There’s something about vintage-style clothing that seems to put a smile on everyone’s face. This lovely poofy gathered skirt is no exception.
(Turned out a bit blurry. Oops.)
Cute, right? The best part about this skirt is that it’s easy. No lying! Originally inspired by many, many skirts, I used the technique from this skirt here. It’s cute, and I’ve made it before, but I wanted to take it up a notch, so I added the coolest, most awesomest thing I could think of: a petticoat.
Yes. Yessssss. YES. Could life be any more complete?
- About 2 yards of the fabric you want to use for the skirt
- 1 12-inch zipper
- Fusible interfacing (optional)
- 1/4 yd. (or so) scrap fabric for petticoat
- enough 3/4-1″ elastic to make a waistband
- 3-6 yds. tulle
Besides all the stuff you (may) have to go out and buy, you need measuring tapes, pencils, blah blah blah…because you need to take measurements.
This skirt really only consists of two parts: the skirt itself and the waistband. You can make your waistband as wide as you want–anywhere from 2.5″ to 4.” There are some considerations to this though:
If you’re over 12 years old and are making a high-waisted skirt with a wide waistband, odds are that 4″ below the start of your waistband is wider than where you started. But, if you take the bottom measurement, you’ll have a big gap. So you can either make a narrower waistband or you can angle it out and then sew darts in at the end. Totally your choice.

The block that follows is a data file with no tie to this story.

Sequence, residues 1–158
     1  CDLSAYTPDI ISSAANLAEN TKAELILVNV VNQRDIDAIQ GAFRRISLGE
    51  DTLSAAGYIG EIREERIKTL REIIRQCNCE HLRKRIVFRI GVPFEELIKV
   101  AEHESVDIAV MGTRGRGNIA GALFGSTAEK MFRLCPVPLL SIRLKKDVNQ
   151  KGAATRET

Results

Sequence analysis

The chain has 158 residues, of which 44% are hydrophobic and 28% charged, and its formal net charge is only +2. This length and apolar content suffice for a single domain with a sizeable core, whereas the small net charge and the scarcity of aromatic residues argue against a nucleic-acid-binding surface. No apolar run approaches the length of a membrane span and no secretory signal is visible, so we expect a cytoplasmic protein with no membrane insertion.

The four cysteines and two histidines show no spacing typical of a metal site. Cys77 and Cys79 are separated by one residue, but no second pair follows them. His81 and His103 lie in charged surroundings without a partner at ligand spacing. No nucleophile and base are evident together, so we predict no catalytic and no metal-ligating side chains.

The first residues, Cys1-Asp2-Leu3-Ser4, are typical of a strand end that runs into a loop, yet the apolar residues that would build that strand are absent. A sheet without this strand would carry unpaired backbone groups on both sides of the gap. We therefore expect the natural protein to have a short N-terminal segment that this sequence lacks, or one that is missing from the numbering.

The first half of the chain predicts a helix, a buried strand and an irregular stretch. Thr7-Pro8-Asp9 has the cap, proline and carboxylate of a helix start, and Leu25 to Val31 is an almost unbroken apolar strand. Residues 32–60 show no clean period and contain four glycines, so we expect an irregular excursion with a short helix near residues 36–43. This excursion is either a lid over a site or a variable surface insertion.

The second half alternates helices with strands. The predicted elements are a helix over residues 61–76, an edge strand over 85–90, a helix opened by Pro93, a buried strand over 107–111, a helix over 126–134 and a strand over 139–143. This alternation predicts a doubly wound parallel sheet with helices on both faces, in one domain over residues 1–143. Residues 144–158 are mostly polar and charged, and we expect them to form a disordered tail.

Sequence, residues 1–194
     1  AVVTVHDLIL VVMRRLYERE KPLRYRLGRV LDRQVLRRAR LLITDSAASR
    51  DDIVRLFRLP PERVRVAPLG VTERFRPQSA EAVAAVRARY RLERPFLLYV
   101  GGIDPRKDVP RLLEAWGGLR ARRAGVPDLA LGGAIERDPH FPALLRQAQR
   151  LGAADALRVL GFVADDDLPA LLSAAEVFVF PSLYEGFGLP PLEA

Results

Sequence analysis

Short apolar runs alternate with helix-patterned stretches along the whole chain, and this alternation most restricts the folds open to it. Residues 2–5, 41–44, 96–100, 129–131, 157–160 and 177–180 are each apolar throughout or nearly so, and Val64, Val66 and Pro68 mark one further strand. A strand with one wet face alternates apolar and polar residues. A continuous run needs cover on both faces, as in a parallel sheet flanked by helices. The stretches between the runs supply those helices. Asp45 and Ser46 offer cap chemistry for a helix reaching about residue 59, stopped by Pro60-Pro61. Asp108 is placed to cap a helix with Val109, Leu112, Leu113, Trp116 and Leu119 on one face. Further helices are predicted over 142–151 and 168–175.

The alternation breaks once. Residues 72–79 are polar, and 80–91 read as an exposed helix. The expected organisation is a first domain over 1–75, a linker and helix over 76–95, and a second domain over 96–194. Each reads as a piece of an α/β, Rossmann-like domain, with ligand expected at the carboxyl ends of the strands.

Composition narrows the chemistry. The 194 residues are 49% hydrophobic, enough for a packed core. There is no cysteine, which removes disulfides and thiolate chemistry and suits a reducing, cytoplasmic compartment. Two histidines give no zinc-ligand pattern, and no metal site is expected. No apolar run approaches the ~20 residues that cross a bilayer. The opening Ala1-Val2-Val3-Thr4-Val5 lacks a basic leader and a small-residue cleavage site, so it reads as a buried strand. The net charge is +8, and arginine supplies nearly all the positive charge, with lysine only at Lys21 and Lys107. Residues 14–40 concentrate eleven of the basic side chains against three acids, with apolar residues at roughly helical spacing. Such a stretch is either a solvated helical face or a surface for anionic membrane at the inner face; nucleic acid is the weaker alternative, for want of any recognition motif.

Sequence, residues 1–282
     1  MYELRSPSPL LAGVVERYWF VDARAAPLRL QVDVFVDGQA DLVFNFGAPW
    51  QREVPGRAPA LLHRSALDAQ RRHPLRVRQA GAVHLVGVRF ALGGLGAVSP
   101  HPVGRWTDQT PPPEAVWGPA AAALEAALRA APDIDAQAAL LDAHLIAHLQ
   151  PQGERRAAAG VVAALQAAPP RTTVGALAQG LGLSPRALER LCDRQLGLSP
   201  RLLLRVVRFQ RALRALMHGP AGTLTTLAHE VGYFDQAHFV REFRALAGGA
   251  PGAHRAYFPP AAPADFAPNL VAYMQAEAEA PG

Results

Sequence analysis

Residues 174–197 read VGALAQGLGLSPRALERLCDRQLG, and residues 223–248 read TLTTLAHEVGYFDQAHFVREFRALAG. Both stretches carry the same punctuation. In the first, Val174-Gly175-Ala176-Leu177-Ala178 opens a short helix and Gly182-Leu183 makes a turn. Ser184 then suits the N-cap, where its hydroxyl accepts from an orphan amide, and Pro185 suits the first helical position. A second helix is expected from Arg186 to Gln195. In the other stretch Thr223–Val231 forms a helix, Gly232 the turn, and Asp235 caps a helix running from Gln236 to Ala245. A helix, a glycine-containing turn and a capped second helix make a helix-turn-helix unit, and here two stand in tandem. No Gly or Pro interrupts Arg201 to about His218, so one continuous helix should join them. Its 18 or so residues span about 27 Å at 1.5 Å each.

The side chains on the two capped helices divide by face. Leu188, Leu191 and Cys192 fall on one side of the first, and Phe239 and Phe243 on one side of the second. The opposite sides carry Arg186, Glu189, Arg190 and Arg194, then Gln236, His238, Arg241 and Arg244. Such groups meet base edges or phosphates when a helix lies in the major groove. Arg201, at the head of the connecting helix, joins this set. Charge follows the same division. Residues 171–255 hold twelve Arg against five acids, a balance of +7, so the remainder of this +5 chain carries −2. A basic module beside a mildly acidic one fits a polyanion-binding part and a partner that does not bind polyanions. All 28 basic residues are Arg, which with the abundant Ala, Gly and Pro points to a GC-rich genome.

To figure out the measurements, and angles you need, it’s easy:
It’s much easier than this. You don’t even really need math. I thought you needed math. I was going to go all Pythagorean Theorem on everyone. But you don’t need it. What you need is your starting waistband measurement, the width of your waistband,and your ending waistband measurement.
Take the ending waistband measurement and divide by two.
Draw a straight line on some freezer paper as long as your starting waistband measurement. Then, divide the width of your waistband by two, then draw a parallel line to the first line that distance apart (so, my waistband is 5″…I have a line, then 2.5″ from that line, I draw my parallel line). Then, to each side of your bottom parallel line, add the 1/2 bottom waist measurement to each end, connect the top and bottom lines with an angled line, and viola! All set. You’ll have a trapeziod shape when you’re done.
Fold your fabric in half with the selvages together. Place your waistband pattern on the fold and cut–but don’t cut the fold!
Then, with the rest of the material, you’re just cutting squares. Take the measurement of how long you want your skirt to end up, add about 2″, and that’s how long your squares need to be. Then, take a measurement of at least 2x your waist measurement and that’s how wide your skirt will be. So really, unless you’re freakishly tall, these will be rectangles not, squares.
Next, you need to press your waistband so all we see is finished edges. Press up 1/4″ on all sides, then fold in half and press.
Now that that’s complete, grab your rectangles and sew one side all the way down the side, right sides together. Then, grab your zipper and all your pieces and lay them out:
Make sure your skirt rectangles are up in the fold of the waistband so you get an accurate measurement. You’re going to mark the spot where your zipper ends.
Now, take the rectangle sides left open and sew them together up to the pin. Then press the open edges in.